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"Life does not consist mainly, or even largely, of facts or happenings. It consist mainly of the..."‚ÄúLife does not consist mainly, or even largely, of facts or happenings. It consist mainly of the storm of thoughts that is forever flowing through one‚Äôs head.‚ÄĚ
- Mark Twain Frontline: Generation Like (PBS):
In Generation Like, an eye-opening follow-up to FRONTLINE‚Äôs 2001 documentary The Merchants of Cool, author Douglas Rushkoff returns to the world of youth culture to explore how the perennial teen quest for identity and connection has migrated to social media ‚ÄĒ and how big brands are increasingly co-opting young consumers‚Äô digital presences.
(click link above to watch the full 56 minute documentary)
"I think people‚Äôs attitudes need to change at a deep psychological level about how they view these..."‚ÄúI think people‚Äôs attitudes need to change at a deep psychological level about how they view these different personality styles. For introverts particularly, to get rid of the guilt and the shame that they feel about who they are, but also for how the world looks at them.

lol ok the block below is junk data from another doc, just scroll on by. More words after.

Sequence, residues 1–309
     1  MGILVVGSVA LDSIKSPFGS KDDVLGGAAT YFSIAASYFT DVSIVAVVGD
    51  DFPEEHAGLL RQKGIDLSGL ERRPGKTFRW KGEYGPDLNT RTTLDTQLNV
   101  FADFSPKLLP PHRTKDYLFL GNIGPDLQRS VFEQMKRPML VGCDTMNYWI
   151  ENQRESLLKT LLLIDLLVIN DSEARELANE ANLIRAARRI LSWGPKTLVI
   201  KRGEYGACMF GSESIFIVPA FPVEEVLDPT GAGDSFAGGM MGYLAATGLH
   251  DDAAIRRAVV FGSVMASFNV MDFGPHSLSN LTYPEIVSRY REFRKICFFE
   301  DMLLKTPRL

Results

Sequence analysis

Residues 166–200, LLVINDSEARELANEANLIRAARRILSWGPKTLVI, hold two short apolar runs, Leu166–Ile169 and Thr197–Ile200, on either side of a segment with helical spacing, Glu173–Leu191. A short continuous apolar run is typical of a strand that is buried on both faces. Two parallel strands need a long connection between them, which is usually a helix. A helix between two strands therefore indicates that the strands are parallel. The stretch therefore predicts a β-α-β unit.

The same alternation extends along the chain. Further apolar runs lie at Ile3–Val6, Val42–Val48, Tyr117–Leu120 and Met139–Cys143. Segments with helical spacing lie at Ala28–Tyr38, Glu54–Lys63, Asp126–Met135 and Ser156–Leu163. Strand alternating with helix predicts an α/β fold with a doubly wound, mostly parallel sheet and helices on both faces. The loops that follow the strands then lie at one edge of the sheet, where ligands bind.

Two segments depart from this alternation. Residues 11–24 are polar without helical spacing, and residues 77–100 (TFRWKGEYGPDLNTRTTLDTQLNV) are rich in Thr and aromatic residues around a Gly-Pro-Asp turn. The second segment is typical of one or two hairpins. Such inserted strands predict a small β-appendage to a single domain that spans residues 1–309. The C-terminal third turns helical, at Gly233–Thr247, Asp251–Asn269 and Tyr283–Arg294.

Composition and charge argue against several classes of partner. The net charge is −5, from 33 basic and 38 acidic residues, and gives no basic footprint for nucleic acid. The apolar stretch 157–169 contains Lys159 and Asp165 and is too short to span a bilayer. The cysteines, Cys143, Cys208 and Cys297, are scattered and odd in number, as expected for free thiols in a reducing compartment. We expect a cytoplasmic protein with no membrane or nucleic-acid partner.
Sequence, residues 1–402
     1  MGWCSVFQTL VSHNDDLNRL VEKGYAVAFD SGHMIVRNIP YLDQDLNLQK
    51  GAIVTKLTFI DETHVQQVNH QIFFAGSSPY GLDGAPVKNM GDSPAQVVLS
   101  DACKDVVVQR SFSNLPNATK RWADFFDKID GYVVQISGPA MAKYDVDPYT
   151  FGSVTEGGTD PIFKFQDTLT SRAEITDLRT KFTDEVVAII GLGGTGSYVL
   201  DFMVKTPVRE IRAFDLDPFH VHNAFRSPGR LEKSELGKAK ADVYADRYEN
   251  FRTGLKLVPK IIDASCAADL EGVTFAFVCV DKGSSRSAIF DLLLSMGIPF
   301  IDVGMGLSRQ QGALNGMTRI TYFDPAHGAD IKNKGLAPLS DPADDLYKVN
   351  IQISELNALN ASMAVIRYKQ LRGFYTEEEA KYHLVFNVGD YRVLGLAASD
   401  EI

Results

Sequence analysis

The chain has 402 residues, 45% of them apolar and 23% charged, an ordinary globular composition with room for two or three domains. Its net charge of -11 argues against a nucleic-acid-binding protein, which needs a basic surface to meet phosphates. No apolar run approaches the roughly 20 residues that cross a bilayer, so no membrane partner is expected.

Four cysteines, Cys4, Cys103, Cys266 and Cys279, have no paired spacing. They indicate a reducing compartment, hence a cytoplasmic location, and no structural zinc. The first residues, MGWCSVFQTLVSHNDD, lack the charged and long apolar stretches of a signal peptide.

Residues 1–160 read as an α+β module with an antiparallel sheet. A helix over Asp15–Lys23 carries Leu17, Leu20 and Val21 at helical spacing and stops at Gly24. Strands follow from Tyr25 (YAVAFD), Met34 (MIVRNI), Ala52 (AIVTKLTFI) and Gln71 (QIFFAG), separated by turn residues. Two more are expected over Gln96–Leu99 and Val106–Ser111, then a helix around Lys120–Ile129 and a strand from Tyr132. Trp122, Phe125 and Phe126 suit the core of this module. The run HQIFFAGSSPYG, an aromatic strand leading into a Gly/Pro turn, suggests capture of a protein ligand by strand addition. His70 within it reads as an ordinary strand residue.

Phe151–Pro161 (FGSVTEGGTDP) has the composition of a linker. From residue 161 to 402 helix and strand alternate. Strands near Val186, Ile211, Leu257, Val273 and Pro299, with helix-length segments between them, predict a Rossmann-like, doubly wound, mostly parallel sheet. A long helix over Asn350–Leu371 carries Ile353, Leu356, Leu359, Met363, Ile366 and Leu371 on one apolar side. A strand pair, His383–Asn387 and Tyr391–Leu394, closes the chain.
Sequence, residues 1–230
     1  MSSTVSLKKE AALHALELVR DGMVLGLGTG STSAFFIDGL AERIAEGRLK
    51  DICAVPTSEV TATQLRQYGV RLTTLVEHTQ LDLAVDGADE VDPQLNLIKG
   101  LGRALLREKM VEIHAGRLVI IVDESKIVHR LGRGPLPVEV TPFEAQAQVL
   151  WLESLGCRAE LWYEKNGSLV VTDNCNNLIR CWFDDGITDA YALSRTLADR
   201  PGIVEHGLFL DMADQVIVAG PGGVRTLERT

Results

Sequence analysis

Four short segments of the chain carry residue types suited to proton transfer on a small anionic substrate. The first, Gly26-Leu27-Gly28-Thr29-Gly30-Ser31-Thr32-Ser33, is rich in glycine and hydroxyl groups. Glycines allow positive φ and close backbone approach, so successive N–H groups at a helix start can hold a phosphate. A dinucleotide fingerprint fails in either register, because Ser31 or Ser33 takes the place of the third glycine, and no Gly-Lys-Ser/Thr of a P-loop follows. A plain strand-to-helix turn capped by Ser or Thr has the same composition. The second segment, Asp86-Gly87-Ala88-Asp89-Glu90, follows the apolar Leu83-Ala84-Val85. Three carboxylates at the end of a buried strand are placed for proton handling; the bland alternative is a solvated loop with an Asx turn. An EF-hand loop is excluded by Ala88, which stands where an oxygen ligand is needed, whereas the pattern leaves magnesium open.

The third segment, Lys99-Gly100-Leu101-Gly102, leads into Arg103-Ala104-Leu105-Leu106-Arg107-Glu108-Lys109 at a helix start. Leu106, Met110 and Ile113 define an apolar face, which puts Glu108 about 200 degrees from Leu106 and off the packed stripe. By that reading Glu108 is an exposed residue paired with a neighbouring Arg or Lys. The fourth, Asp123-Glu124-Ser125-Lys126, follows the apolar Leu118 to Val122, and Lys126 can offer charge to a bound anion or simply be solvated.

As far as the world is concerned, I‚Äôll give you three concrete places where it needs to change. Number one is in the establishment of psychology itself. What I do in my research, I was actually amazed at how biased psychology is against introversion. I expected it not to be that way because so many psychologists are introverts themselves. But I think it‚Äôs just the nature of the field that it mirrors whatever the biases are at the current time. So it used to be biased against homosexuality, biased against introversion and other stuff too. Right now, for example, they‚Äôre in a process of revising the diagnostics manual. And the last I heard is they‚Äôre considering an entry for something called introverted personality disorder. And that, to me, is just appalling.‚ÄĚ
- It‚Äôs OK to Eat Alone: Q&A with Susan Cain (the author of Quiet)
"The reason we struggle with insecurity is because we compare our behind-the-scenes with everyone..."‚ÄúThe reason we struggle with insecurity is because we compare our behind-the-scenes with everyone else‚Äôs highlight reel.‚ÄĚ